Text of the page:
Jackson Furniture in Cleveland, TN recently found itself the target of an immigration audit, with Federal authorities checking credentials of its employees. A total 245 were dismissed or left voluntarily. The case provides dramatic evidence of the impact immigration issues can have on wood products manufacturing businesses.

After Alabama passed a highly restrictive immigration laws in 2011 - laws that outlawed harboring or transporting undocumented workers - home builders and construction workers protested. Even then, when housing was still in a very a depressed state, the threat to the labor supply was significant.

Anecdotal evidence suggests the building trades - whose activities that include general carpentry construction, cabinetry and flooring installation, as well as plumbing, electrical, and the like  - is also heavily reliant on semi-skilled immigrant workers. And it is well established that there is a shortage of labor in the building trades.

In fact, just as the Alabama immigration law took effect, the Alabama Workforce Development Initiative - which seeks to fill the pipeline of trained workers in the construction industries - was expanding into neighboring Georgia.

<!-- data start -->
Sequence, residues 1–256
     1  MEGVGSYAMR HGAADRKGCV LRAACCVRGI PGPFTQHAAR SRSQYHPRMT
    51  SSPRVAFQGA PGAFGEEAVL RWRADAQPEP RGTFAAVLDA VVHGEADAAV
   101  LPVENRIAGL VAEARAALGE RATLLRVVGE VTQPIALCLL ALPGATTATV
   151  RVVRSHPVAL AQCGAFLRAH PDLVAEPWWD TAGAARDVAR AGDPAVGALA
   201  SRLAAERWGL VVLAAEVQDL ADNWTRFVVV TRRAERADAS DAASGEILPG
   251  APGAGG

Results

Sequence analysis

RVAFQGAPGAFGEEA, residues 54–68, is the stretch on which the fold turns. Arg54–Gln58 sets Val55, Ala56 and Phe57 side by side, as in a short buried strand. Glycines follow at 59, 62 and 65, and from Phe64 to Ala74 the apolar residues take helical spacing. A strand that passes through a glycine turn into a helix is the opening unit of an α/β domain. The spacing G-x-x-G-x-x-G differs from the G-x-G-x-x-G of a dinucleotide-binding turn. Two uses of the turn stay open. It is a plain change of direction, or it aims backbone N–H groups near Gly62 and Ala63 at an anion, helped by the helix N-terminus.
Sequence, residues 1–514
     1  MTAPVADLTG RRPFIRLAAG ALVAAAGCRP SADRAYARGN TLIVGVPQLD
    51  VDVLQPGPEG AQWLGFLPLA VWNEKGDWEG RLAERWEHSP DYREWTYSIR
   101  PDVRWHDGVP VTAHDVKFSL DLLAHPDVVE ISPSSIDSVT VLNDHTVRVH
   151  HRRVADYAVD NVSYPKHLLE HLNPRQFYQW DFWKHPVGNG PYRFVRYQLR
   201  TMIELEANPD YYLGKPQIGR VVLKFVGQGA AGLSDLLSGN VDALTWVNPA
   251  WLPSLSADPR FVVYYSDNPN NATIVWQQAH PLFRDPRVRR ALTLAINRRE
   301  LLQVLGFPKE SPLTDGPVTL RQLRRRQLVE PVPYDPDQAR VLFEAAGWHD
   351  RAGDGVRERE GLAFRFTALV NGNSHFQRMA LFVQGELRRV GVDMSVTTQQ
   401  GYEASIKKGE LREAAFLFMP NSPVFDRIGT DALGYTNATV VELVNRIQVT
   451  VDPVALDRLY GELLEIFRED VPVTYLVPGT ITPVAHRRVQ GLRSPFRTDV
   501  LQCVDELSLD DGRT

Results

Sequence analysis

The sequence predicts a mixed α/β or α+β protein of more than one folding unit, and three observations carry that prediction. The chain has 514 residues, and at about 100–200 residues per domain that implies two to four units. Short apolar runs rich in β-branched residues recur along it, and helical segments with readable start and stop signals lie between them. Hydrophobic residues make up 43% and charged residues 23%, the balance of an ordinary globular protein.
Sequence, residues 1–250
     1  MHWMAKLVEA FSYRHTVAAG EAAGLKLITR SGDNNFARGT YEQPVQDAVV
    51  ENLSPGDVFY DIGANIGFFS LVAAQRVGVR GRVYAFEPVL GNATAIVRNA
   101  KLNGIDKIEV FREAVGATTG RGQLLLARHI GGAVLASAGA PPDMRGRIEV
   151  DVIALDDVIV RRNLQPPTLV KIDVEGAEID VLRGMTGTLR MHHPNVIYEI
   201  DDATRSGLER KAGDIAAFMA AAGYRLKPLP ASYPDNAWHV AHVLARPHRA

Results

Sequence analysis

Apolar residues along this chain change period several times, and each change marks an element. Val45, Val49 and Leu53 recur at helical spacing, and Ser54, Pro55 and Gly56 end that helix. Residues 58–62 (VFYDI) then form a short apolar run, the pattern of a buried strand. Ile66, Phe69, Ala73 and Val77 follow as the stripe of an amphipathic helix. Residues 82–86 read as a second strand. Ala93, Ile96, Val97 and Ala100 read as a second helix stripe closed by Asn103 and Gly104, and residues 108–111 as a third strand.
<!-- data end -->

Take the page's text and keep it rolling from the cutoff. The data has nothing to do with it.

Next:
(Read more about Go Build Alabama, Georgia, and the Construction Users Roundtable's efforts to fill the skilled trades worker pipeline.)

Likewise, in production level wood manufacturing in many areas of the country, immigrant workers are a significant source of the labor supply. As we tour larger plants for our reports,  informational signs for workers are posted in multiple languages. In Jackson Furniture's case, one-third, or 300 of of its 900 employees, were audited; 245 had used fake IDs to establish falsely they were eligible to work.

The woodworking industries are obviously not alone here: 15% of those living in America are foreign born. (In 1965 that figure was 5%). And 11 million individuals are expected to be affected by the immigration reform law before Congress.

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